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The New York Times "Sunday Book Review" about "A Woman Among Warlords"

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Joya’s life has been singular and heroic.

By Marc Tracy, The New York Times, December 10, 2009

A Woman Among Warlords by Malalai Joya

The Extraordinary Story of an Afghan Who Dared to Raise Her Voice.
By Malalai Joya with Derrick O’Keefe.
Scribner, $25.

In this memoir, Joya, an Afghan activist and politician, bears witness to the horrific experience known as “being female in Afghanistan.” She conveys the indignity of the forced wearing of the burqa with a power that distant and abstract condemnation can never muster: “You have no peripheral vision because of the netting in front of your eyes,” she relates. “And it’s hot and suffocating under there.” Joya’s life has been singular and heroic: a covert educator of young girls in the western city of Herat, she was elected at 25 to the constitutional loya jirga of 2003. There, she gave a rabble-rousing speech — which you can and should watch on YouTube — branding the post-Taliban Afghanistan’s higher-ups, many of whom were present in the packed Kabul room, as “criminals.”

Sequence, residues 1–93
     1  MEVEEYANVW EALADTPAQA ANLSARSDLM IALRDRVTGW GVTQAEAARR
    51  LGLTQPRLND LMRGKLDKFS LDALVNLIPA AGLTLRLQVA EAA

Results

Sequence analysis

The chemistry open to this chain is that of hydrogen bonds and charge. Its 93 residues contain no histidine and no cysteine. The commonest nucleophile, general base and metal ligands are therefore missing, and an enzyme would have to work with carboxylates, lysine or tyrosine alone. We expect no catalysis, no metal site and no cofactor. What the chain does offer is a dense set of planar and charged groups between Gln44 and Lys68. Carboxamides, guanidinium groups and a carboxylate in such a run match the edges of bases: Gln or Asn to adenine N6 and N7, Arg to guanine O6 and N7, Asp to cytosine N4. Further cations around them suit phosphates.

Joya is ill-inclined to look upon the American intervention as the Good War, instead maintaining, “We are caught between two enemies — the Taliban on one side and the U.S./NATO forces and their warlord friends on the other.” Joya’s arguments, which have earned the plaudits of people like Noam Chomsky, are sometimes extreme, simplistic and misguided, but they are rarely without a grain of truth, and they have also gained credence among her countrymen recently. Still, her tendency to choose rageful denunciation over calm observation is immensely frustrating. Anyone can fulminate; Joya can testify. And nothing could be more potent than a faithful recitation of her remarkable life.